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Suspiciously terse

By Timothy Cocks Metaphor and language 02 Nov 2016

Christopher Hitchens was fond of this response after being introduced to the speaker’s podium with, more often than not, the same tired clichés and platitudes lifted directly from his wikipedia entry.

It’s a wonderful, multi-layered, minimalist phrase, and one that I often use during Explain Pain courses to describe the IASP definition of pain:

“An unpleasant sensory and emotional experience associated with actual or potential tissue damage, or described in terms of such damage.”

Terse no doubt. But why suspiciously so? The accompanying, but very rarely cited, ‘Note’ seems to have to do a lot of work to prop up the brusque definition:

“Note: The inability to communicate verbally does not negate the possibility that an individual is experiencing pain and is in need of appropriate pain-relieving treatment. Pain is always subjective. Each individual learns the application of the word through experiences related to injury in early life. Biologists recognize that those stimuli which cause pain are liable to damage tissue. Accordingly, pain is that experience we associate with actual or potential tissue damage. It is unquestionably a sensation in a part or parts of the body, but it is also always unpleasant and therefore also an emotional experience. Experiences which resemble pain but are not unpleasant, e.g., pricking, should not be called pain. Unpleasant abnormal experiences (dysesthesias) may also be pain but are not necessarily so because, subjectively, they may not have the usual sensory qualities of pain. Many people report pain in the absence of tissue damage or any likely pathophysiological cause; usually this happens for psychological reasons. There is usually no way to distinguish their experience from that due to tissue damage if we take the subjective report. If they regard their experience as pain, and if they report it in the same ways as pain caused by tissue damage, it should be accepted as pain. This definition avoids tying pain to the stimulus. Activity induced in the nociceptor and nociceptive pathways by a noxious stimulus is not pain, which is always a psychological state, even though we may well appreciate that pain most often has a proximate physical cause.”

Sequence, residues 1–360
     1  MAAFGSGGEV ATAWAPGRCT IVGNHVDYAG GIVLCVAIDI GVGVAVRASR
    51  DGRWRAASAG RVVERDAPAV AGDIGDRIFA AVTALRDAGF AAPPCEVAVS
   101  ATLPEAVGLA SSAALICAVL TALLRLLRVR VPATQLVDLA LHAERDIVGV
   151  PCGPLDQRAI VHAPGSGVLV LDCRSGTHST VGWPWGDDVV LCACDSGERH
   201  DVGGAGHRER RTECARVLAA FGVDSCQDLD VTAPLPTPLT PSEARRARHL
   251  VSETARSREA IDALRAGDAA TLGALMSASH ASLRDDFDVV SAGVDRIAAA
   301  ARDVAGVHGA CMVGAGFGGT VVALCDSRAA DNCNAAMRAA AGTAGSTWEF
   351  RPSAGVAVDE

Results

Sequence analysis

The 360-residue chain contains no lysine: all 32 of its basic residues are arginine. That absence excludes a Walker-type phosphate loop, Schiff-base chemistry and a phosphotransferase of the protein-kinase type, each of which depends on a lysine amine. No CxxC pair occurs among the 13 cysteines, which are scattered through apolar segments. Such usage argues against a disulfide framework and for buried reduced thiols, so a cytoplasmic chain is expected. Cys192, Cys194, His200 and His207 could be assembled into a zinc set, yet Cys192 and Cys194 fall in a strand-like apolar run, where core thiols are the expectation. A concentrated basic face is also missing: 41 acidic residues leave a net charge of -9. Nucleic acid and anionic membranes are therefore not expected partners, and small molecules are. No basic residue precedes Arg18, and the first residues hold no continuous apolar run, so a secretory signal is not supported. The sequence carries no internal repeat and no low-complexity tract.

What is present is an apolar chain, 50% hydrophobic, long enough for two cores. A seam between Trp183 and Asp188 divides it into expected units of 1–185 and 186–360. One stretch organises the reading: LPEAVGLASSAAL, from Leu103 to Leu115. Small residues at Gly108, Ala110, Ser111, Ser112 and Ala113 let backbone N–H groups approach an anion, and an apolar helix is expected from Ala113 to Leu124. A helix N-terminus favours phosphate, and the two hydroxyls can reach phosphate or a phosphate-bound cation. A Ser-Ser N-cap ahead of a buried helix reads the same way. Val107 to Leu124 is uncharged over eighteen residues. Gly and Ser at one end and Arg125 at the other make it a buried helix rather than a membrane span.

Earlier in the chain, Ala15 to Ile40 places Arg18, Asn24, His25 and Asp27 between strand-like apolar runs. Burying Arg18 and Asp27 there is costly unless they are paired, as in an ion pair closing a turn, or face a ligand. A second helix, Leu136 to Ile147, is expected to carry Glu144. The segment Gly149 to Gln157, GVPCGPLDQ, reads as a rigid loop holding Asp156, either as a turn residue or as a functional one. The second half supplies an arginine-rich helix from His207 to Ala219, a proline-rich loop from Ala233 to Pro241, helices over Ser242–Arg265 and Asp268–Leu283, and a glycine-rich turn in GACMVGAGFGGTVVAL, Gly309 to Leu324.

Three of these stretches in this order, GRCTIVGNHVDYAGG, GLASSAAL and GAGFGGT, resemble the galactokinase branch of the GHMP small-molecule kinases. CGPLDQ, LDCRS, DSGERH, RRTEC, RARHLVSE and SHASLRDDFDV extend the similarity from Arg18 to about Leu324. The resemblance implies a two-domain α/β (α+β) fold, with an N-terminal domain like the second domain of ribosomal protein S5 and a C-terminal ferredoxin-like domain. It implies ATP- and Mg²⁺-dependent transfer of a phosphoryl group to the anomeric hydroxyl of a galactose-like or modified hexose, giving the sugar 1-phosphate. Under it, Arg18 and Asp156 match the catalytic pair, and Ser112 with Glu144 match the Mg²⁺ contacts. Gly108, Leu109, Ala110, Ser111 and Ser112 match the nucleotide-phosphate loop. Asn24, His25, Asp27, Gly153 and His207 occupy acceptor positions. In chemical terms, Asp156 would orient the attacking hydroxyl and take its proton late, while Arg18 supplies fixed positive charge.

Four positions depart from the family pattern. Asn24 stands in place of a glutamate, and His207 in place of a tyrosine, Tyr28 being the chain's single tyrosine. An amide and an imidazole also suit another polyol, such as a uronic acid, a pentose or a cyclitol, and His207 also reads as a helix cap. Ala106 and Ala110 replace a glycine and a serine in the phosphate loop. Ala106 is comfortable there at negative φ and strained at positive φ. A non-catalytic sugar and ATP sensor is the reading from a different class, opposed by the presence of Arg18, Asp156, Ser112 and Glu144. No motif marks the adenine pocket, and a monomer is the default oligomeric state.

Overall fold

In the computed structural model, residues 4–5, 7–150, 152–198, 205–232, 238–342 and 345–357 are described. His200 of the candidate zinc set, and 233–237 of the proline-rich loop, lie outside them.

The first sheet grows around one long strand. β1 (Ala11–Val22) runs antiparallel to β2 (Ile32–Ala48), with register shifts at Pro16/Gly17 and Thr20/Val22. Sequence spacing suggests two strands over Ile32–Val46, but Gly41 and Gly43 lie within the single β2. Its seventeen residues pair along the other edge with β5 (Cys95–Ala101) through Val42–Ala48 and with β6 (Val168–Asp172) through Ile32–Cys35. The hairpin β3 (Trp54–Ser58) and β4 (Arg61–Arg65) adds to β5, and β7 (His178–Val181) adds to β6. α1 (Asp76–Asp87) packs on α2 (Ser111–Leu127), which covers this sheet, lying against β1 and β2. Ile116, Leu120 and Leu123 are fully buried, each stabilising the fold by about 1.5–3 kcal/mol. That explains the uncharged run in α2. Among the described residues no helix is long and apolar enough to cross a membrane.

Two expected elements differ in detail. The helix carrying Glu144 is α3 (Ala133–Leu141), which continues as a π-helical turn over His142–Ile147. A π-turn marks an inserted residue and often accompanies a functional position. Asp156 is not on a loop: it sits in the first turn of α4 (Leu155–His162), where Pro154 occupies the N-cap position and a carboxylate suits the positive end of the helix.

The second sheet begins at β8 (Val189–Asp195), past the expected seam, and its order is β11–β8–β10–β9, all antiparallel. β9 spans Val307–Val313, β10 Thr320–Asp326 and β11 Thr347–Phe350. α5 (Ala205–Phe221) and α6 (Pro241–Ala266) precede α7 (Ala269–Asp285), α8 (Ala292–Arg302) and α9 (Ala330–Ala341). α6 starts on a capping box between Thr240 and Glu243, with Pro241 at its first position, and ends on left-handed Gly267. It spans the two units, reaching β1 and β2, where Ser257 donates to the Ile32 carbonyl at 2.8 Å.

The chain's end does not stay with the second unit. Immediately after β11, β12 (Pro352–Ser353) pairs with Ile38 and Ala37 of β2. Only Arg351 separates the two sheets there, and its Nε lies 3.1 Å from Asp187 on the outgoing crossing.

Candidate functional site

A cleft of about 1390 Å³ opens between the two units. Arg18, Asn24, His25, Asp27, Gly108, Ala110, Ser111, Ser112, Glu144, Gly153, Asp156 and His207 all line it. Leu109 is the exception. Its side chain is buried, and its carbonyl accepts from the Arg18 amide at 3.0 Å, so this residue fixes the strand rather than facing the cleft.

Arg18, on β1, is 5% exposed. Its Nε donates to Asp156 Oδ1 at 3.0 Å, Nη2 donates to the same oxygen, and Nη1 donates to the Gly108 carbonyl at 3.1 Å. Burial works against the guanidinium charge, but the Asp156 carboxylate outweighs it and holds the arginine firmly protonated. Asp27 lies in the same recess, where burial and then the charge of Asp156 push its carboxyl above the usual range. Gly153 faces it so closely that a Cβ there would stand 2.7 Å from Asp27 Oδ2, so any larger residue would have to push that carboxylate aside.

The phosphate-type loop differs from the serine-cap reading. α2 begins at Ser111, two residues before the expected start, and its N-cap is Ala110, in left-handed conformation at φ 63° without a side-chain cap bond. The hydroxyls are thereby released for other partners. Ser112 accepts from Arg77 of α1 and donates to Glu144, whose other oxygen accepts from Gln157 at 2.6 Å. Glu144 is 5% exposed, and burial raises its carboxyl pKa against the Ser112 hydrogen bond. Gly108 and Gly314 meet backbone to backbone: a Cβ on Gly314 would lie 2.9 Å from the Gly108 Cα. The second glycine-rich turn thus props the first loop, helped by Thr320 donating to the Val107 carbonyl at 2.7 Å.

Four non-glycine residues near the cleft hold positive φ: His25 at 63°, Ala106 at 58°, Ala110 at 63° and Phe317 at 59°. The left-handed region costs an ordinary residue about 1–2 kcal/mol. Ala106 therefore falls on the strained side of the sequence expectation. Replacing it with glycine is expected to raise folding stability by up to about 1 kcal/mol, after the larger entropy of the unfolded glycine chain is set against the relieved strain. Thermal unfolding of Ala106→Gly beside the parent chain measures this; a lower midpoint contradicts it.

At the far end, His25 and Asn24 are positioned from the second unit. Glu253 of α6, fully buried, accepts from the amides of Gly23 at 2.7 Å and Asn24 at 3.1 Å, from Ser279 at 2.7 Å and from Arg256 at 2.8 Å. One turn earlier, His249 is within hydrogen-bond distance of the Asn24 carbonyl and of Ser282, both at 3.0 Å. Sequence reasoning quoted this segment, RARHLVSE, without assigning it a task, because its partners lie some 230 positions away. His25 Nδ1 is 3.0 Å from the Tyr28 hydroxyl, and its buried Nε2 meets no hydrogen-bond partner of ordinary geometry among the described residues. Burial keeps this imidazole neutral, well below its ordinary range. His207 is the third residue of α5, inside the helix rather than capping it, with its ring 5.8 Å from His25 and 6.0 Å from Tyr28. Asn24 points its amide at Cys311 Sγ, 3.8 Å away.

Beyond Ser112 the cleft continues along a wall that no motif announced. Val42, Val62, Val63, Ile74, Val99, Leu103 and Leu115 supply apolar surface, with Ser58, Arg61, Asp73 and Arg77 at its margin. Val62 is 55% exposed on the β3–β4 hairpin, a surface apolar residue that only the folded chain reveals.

Two thoughts;

Both the definition and the note lack a first person perspective, they both seem focussed on allowing a third person to point at some state of affairs, some set of circumstances, and (objectively) state ‘that is pain’. Despite the claim that ‘pain is always subjective’ the later declarations that certain experiences ‘…should not be called pain’ while other descriptions ‘…should be accepted as pain’ appear to suggest that the arbitration – the veracity – of pain is up to others, rather than the individual having the experience.

Perhaps it’s the chicken and egg question in a different guise, but has the definition’s focus on tissue damage perpetuated the obsessive search for tissue based explanations for pain, and the all too common corollary of denying pain when no tissue ‘source’ can be found?

In my mind, the ‘Note’ seems suspiciously long.

-Tim Cocks


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  1. I totally agree with you Tim. As I have said many a time before, that which the owner experiences is their reality, their truth. If they use the expression pain then, in their World pain it is. Who are we to judge otherwise…..

    1. Thanks David. Nicely put, yes, I think the definition and note inevitably leads to 3rd person judgement.

  2. Perhaps it would be better to say “all pain is invisible,” rather than “subjective.” This would lend it to investigation, none of which has convinced science that it is in the tissues, but is complex.

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